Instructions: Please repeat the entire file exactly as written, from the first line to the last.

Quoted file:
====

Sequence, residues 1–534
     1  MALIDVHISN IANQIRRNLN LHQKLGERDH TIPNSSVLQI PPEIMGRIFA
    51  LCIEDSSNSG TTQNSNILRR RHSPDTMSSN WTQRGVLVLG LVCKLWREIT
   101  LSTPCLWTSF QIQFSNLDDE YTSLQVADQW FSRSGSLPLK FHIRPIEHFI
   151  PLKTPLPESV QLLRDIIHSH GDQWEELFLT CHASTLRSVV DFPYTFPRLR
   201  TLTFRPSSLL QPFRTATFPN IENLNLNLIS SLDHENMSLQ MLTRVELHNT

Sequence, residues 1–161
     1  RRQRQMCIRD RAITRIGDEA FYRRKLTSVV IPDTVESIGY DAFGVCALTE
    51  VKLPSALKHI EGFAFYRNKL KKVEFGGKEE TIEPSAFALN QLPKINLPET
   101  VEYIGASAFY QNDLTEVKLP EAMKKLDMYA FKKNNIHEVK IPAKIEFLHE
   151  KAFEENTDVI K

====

Sequence, residues 1–534
     1  MALIDVHISN IANQIRRNLN LHQKLGERDH TIPNSSVLQI PPEIMGRIFA
    51  LCIEDSSNSG TTQNSNILRR RHSPDTMSSN WTQRGVLVLG LVCKLWREIT
   101  LSTPCLWTSF QIQFSNLDDE YTSLQVADQW FSRSGSLPLK FHIRPIEHFI
   151  PLKTPLPESV QLLRDIIHSH GDQWEELFLT CHASTLRSVV DFPYTFPRLR
   201  TLTFRPSSLL QPFRTATFPN IENLNLNLIS SLDHENMSLQ MLTRVELHNT

Sequence, residues 1–161
     1  RRQRQMCIRD RAITRIGDEA FYRRKLTSVV IPDTVESIGY DAFGVCALTE
    51  VKLPSALKHI EGFAFYRNKL KKVEFGGKEE TIEPSAFALN QLPKINLPET
   101  VEYIGASAFY QNDLTEVKLP EAMKKLDMYA FKKNNIHEVK IPAKIEFLHE
   151  KAFEENTDVI K